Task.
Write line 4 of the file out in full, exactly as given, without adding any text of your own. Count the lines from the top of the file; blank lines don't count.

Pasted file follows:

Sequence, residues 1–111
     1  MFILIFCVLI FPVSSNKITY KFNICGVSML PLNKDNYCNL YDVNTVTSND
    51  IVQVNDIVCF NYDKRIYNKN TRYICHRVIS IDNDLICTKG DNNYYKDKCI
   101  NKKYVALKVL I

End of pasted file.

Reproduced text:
   101  NKKYVALKVL I